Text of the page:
It’s important to drink a significant amount of water after your procedure to rehydrate. Avoid alcoholic drinks, carbonated drinks, and hot beverages for at least the first day. It’s also important not to drink using a straw as that suction can pull off the blood clot.

Eat only soft foods for the first 24 hours. Consider semi-solid foods like applesauce and yogurt. You’ll be able to start eating more semi-soft foods over the next few days as you tolerate them. Avoid very hard foods, foods that are chewy, or those that are hot or spicy.

Healing

Give your body time to heal. Eat a healthy diet of nutrient-rich foods, get sleep, and work to keep stress-free. It can take up to 6 weeks to heal. However, most people are able to go back to their normal activities the next day. It’s recommended that you avoid any strenuous activity for at least a week. As mentioned above, you must try to abstain from smoking or using tobacco products during the healing process.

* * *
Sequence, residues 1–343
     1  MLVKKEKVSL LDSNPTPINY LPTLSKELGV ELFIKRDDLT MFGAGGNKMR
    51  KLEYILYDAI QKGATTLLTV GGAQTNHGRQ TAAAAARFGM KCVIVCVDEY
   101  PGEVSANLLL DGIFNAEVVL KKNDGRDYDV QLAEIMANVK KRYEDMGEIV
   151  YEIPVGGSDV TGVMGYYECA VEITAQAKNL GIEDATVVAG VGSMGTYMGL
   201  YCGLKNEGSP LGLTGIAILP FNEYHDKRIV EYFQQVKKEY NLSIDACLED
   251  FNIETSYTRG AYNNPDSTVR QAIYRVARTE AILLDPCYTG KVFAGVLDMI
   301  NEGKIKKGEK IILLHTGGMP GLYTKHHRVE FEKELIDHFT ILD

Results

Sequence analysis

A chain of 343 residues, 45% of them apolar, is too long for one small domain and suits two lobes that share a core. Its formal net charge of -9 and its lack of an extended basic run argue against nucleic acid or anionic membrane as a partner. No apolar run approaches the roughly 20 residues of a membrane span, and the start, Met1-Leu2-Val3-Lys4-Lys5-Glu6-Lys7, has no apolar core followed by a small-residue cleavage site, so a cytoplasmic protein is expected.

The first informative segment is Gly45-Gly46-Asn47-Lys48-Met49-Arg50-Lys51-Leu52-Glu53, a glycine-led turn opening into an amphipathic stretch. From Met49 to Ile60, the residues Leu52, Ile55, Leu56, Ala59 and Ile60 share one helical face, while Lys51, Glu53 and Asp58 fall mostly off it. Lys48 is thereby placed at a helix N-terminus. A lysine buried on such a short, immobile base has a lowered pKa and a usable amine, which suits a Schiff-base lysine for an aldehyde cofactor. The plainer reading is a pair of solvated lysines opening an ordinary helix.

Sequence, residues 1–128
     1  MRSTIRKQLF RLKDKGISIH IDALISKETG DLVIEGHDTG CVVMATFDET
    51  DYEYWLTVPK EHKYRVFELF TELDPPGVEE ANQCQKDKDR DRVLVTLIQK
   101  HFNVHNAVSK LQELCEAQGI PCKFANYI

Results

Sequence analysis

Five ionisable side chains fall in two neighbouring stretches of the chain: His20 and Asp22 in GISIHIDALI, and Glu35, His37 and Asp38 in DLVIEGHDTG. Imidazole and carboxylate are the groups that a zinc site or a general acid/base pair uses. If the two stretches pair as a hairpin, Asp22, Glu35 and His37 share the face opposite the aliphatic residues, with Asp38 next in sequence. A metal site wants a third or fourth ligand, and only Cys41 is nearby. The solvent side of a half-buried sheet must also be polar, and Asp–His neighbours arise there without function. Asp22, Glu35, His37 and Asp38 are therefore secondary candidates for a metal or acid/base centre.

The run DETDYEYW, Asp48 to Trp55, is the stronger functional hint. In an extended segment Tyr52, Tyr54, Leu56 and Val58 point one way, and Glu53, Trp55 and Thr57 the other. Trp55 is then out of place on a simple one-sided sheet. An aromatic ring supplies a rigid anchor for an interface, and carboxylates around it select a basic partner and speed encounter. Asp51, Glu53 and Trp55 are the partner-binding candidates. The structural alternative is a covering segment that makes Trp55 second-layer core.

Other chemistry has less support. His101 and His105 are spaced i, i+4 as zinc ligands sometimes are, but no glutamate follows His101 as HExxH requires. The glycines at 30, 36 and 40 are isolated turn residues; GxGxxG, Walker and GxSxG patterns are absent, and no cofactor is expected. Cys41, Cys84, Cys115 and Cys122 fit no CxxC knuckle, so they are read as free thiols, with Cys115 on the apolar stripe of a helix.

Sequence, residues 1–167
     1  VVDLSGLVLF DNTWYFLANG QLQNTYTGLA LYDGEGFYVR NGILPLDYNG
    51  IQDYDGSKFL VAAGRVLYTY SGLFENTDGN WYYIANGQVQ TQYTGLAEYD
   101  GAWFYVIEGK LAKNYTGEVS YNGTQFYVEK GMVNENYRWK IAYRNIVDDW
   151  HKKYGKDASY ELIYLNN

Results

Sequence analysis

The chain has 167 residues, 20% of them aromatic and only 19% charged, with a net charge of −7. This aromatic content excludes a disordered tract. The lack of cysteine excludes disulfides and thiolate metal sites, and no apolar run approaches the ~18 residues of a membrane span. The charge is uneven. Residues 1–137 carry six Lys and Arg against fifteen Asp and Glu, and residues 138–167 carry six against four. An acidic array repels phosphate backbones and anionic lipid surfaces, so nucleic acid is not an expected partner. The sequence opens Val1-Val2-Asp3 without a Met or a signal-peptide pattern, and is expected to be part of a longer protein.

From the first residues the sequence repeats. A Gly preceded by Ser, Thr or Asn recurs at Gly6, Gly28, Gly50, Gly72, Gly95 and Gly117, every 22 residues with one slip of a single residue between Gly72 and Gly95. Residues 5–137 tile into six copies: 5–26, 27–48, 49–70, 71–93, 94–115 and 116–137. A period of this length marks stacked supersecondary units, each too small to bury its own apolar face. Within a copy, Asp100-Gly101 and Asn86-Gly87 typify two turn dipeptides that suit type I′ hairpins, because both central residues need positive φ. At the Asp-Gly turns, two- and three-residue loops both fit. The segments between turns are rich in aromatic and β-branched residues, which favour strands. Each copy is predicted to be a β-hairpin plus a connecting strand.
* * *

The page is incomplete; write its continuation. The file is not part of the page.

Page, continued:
If you experience visible bone at the extraction site, severe pain that radiates from the socket toward your neck, or a foul smell, call your surgeon for immediate attention.

Manage Possible Complications

As with any medical procedure, there is some degree of risk of complications. That includes the development of an infection. Call your oral surgeon immediately if you notice any swelling, excessive bleeding, a fever, or any discharge from the site of the extraction.

You may also be at risk for dry socket, a condition in which a blood clot fails to form over the opening. If this happens, it can expose the nerve causing significant damage. Be sure to contact your doctor about this risk as soon as possible.

Your First Step Is Booking an Appointment

If you think you have impacted wisdom teeth, do not hesitate to contact your dentist to confirm the diagnosis and address the situation immediately with the appropriate treatment. At Centre Dentaire Pierrefonds, our dentists are specialists in dental surgery, so you can trust them to help you relieve your pain by removing your wisdom teeth. Ask for an appointment now.